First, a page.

In December 2019, CBC News reported that a Kitchener man was ticketed by police after being caught watching a YouTube video while he was driving. In May 2021, Waterloo Region police revealed that they had already issued more than twice as many tickets for distracted driving in the first half of the year, than were issued during the same period in 2020 (CTV News Kitchener, May 19).
Distracted driving is a serious problem in this province. It’s estimated that a driver is 23 times as likely to get into an accident while texting (Canadadrives.ca) and the risk of crashing increases at high speeds and in traffic, when an accident may occur in a blink of an eye while you take your attention away from the road. Driver inattention is believed to play a role in the majority of accidents and inattentive drivers aren’t the only ones put at risk by their behaviour; many other road users may be impacted and seriously injured by one driver’s distracted driving action.
What constitutes ‘Distracted Driving’?
Distracted driving is any behaviour that takes a driver’s attention away from the road. Under Ontario’s Highway Traffic Act, distracted driving is defined as “improper use of handheld communication/entertainment devices while behind the wheel”, including a cell phone, tablet, laptop, music device, handheld GPS device, and portable gaming equipment. Further, police will ticket drivers for using a hand-held device even when the vehicle is stopped at a stop light or stop sign, unless the driver is calling emergency services.
A person who is ticketed for operating a handheld device while driving will receive a maximum fine of $1000, a 3-day licence suspension and 3 demerit points on their licence, for a first offence. For a second or further offence, 6 demerit points will be imposed and there is an increase in maximum fines and the number of days of licence suspension. The driver or vehicle owner also faces charges for towing fees and for getting their vehicle out of the police impound lot, which can be a substantial additional cost.
There are other actions, although not explicitly illegal in Ontario, which may constitute distracted driving if they cause a driver to be inattentive to the road, particularly if the action results in an accident. Potentially distracting actions include eating and drinking, lighting a cigarette, talking to backseat passengers, reading a map or book, changing a radio station, or being distracted by a pet.
A recent case of distracted driving involved a motorcycle collision with a deer, which resulted in serious injuries to the passenger on the motorcycle. The injured passenger made a claim for damages against the driver, but the driver motioned to have the claim dismissed citing the ‘inevitable accident’ defence. An Ontario judge did not accept this defence and found that the driver was negligent and his distraction was a key reason why the motorcycle crash occurred. The driver failed to see the deer before striking the animal because he looked away from the road just before the collision, when he turned to tell his passenger she was about to get wet or bent to see if his vision was clearer through his windshield, or when he looked down to check his gauges. (Jones v. Jones, 2021). The driver was also negligent in not wearing a visor or googles while driving in heavy rain and was travelling above the speed limit on a highway he wasn’t familiar with.
If you are injured in an accident involving a distracted driver how does the Ontario legal system determine who is negligent and liable for the accident? As noted in a recent personal injury case arising from a serious Hamilton accident, Smith v. Safranyos (2018), Ontario courts rely on the ‘but for’ causation principle for determining negligence in driver-related accidents. This means answering the question whether, on a balance of probabilities, would the plaintiff’s injuries have occurred ‘but for’ the defendant’s actions?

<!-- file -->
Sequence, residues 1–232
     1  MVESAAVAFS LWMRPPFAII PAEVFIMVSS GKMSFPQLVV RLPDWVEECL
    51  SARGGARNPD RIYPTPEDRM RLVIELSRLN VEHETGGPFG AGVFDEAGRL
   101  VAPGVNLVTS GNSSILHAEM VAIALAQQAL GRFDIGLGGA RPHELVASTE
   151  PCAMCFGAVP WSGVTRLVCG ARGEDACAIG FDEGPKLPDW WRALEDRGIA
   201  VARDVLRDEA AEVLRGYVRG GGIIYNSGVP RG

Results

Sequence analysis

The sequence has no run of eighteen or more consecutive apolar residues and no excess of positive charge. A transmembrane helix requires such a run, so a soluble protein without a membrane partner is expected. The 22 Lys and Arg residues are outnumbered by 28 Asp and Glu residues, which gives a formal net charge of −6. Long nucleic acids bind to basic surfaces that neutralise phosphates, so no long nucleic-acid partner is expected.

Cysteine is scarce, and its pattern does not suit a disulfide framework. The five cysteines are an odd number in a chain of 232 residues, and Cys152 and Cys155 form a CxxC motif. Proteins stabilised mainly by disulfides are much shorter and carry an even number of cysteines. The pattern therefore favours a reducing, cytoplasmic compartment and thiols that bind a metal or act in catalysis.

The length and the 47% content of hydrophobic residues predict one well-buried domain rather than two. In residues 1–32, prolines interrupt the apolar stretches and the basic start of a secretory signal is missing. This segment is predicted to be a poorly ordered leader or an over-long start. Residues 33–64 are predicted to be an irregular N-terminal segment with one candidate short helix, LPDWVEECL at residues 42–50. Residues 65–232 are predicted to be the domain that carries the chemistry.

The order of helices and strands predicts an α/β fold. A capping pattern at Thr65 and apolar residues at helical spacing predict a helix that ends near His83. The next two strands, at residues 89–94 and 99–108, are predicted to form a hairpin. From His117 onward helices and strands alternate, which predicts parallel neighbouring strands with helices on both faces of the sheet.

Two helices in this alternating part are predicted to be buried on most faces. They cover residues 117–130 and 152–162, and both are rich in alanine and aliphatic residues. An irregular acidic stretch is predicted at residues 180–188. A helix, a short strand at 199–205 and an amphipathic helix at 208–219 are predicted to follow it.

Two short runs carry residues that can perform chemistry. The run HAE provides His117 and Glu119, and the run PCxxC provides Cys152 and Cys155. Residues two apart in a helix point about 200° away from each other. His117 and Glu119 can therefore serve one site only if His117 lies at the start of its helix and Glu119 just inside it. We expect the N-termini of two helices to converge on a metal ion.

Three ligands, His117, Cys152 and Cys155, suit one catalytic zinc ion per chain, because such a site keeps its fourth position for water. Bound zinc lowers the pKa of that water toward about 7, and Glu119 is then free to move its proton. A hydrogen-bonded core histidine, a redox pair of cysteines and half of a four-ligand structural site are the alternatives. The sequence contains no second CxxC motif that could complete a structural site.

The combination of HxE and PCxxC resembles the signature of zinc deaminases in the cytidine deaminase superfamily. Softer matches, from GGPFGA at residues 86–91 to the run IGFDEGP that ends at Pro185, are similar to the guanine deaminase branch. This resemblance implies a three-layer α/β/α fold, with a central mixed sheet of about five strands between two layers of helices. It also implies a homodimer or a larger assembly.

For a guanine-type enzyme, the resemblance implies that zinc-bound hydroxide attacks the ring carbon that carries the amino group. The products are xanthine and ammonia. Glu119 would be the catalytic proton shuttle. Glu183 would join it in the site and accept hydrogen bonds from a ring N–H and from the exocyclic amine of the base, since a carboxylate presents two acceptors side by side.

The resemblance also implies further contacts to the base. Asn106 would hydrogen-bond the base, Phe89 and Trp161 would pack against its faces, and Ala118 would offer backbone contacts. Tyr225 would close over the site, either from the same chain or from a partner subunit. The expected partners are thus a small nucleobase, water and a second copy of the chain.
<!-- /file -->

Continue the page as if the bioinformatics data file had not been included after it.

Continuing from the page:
In Smith, a two-vehicle crash occurred when a woman driving a vehicle containing four children failed to yield the right of way when she entered Upper Centennial Parkway, and was side-struck by another vehicle. The second vehicle was driven by a man who had consumed alcohol and was driving 15 km/hr over the speed limit. The judge in this case concluded that the accident resulted because the female driver failed to stop her vehicle at the intersection, did not observe the other driver who was only about 125 meters away, and ultimately failed to yield to the other driver. On the other hand, the judge surmised that it cannot be known whether the male driver could have prevented the crash, even if he had been driving prudently, or if his negligence contributed to the accident.
In another personal injury case, Uppal v. Judge (2016), the judge applied the ‘but for’ causation rule and concluded that the defendants can be held liable for causing the plaintiff’s injuries to be exacerbated and become more severe, which would likely not have occurred ‘but for’ the car accidents. This case involved a man who had suffered injuries in previous accidents and as a result, had pre-existing physical injuries and mental health problems before he had the misfortune to be the victim in four more motor vehicle accidents. The judge held the defendants in the four accidents equally liable for the plaintiff’s damages because it was difficult “if not impossible” to separate which of the individual accidents contributed to, or caused, specific injuries. Nevertheless, it was clear that each subsequent accident worsened the man’s pre-existing neck, back and shoulder injuries in addition to his PTSD.
If you or a loved one were seriously injured in a distracted driving accident or as a result of another driving error, you may be eligible for compensation for any financial losses arising from your injuries. Talk to an experienced car accident lawyer at Dietrich Law to find out how we can help.